How to Be a Shopaholic on a Budget + Confessions of a Shopaholic DVD giveaway!

Posted on 06/22/2009

In Confessions of a Shopaholic, lead character Rebecca Bloomwood is painfully addicted to high fashion. Isla Fisher, the actress that played her in the movie, admits she’s not into designer labels, but she does make her fair share of shopping mistakes. Bestselling author of Confessions of a Shopaholic Sophie Kinsella says she’s also made some poor purchasing decisions over the years. Taking cues from Fisher’s faux-pas and Sophie’s snafus, here are four ways to be a shopaholic on a budget.

Plus! We're giving away a copy of the Confessions of a Shopaholic DVD on Twitter! Just become a follower of @Bargainist (if you aren't already!) and retweet to enter. We'll choose the winner at 3:00pm PST on Tuesday, 06/23/2009. Good luck!

Know What Tempts You
When asked about her shopping temptations Isla Fisher admitted books are her weakness. “… and more recently cook books,” said Fisher. “I think it’s wish fulfillment. I never have time to cook, so I just look through the books and imagine the dishes I would make if I wasn't going out for a business dinner.” If you know what tempts you, you’re able to avoid it. Whether you hold a soft spot for scarves or silverware, identifying the things that tempt you most will help you stick to a budget despite being a shopaholic.

Think Before You Buy
Isla Fisher says it’s at local hardware stores where she ends up making the most ridiculous purchases. “I very rarely go to hardware store but once I am there I see all sorts of things that I never knew existed and then I convince myself that I need them,” admits the actress. “Whether it is a drill, or a pot of very cool, neon pink paint, which I am never going to put anywhere! Then I buy all the brushes. Or I might see a little shovel and think that I might get into gardening. There is something about a hardware store because it seems so different.” If something immediately has you thinking, I’ve got to have this, walk away for a little bit. Let the idea of the purchase sit with you and see if you still want it that bad in a few hours or even a few days. That way you’ll be less likely to suffer from buyer’s remorse after blowing your budget on a bad purchase.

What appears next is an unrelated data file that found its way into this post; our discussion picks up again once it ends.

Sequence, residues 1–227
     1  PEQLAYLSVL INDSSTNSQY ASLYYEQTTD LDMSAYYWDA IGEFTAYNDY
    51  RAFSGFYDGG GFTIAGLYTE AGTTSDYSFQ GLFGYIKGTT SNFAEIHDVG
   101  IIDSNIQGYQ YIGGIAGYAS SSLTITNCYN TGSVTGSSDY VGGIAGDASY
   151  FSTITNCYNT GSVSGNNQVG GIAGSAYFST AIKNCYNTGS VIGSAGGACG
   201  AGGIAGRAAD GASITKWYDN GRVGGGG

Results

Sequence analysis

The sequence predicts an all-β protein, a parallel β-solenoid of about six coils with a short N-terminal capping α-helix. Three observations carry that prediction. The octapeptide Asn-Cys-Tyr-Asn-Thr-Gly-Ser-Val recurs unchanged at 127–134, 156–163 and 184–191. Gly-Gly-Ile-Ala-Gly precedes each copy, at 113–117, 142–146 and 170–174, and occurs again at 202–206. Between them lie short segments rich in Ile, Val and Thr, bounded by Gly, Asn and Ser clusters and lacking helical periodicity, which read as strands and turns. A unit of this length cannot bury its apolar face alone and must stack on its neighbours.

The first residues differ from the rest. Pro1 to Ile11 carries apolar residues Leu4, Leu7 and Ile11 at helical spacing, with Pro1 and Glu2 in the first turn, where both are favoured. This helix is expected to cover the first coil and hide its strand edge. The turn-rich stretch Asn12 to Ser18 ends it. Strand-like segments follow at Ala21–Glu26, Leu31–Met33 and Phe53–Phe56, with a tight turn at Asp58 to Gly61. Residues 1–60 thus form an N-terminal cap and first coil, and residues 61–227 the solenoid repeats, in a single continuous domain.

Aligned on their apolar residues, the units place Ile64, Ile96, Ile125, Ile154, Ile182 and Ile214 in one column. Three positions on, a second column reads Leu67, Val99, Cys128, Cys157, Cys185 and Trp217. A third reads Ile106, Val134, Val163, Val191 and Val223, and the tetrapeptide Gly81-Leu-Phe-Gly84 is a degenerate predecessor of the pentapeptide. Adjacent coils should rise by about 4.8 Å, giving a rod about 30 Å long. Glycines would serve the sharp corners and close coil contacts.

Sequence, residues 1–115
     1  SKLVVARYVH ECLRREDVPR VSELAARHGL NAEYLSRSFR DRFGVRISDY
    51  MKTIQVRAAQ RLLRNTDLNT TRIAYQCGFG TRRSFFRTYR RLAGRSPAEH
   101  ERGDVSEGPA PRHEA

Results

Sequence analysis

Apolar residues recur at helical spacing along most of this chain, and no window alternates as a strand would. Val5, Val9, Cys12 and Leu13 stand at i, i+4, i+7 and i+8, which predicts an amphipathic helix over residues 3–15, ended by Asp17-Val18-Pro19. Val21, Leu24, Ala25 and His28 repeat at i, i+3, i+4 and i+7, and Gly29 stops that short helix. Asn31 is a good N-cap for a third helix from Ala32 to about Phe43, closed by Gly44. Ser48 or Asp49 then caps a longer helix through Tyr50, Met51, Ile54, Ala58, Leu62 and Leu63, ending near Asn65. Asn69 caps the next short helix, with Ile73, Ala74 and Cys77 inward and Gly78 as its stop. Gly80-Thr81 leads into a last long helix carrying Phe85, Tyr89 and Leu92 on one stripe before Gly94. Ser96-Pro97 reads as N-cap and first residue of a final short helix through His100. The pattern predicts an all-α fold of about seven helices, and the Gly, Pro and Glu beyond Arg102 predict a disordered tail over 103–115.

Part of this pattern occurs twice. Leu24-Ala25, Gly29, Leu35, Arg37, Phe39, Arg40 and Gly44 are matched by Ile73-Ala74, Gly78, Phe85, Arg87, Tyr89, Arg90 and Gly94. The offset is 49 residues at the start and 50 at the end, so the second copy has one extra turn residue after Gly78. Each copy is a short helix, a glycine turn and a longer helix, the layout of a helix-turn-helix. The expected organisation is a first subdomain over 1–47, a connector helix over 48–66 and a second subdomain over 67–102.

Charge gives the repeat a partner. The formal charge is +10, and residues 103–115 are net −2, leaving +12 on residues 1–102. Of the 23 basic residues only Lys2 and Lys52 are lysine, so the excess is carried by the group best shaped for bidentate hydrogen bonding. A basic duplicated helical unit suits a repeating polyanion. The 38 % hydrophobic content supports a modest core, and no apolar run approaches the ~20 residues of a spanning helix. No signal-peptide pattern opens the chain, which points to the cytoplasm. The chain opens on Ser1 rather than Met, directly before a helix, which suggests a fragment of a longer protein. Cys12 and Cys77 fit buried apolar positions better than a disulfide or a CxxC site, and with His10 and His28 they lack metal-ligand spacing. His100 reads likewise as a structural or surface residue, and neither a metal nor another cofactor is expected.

Set a Limit
Sophie Kinsella’s made the same mistake most women have made at some point in their lives. She thought a pricey pair of shoes could help her be someone she wasn’t. “There was a pair of shoes that were not cheap,” remembers the author. “They were on sale but still certainly cost over 100 Pounds. That is the first point of shame. The next point of shame was – I don’t know what I was thinking, I must have been hormonal or something – because they were the most ludicrous shoes. They had diamante hearts; great big black wedge platform heels with a hole cut through them and silver straps that tie up your legs. I think I bought them thinking that I might wear them if I go clubbing. I don’t know what I thought, I was utterly deluded and the minute I got them home I thought … I am never wearing these shoes. They have never been worn. They are my shoes of shame.” Setting a limit before you hit the mall will help you from coming home with an expensive pair of shoes you will never wear—even for a night of wild dancing.

Be at Least a Little Practical
It’s ok to spend money on things you need. But for Confessions of a Shopaholic author Sophie Kinsella, it’s often things she doesn’t need that she ends up buying. “I think its complete wish fulfilment,” she says. “I go out, I buy skimpy summer dresses and I never get to wear them because of the weather. And I go on holiday and have to wear three dresses every day just to get through them.” Don’t buy Uggs if you live in Key West and keep your tank top collection to a minimum if you call Northern Minnesota home. Just think, you’ll have more money to spend on things you actually will wear.

By Alison Storm

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